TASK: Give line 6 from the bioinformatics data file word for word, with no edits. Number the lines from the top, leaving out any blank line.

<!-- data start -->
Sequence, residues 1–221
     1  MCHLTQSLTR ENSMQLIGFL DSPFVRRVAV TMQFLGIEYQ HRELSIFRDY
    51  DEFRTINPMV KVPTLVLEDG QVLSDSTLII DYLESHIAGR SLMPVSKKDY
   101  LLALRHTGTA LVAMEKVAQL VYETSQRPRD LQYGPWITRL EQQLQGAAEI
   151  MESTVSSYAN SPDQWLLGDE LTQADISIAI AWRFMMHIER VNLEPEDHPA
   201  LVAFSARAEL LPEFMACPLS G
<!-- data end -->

   201  LVAFSARAEL LPEFMACPLS G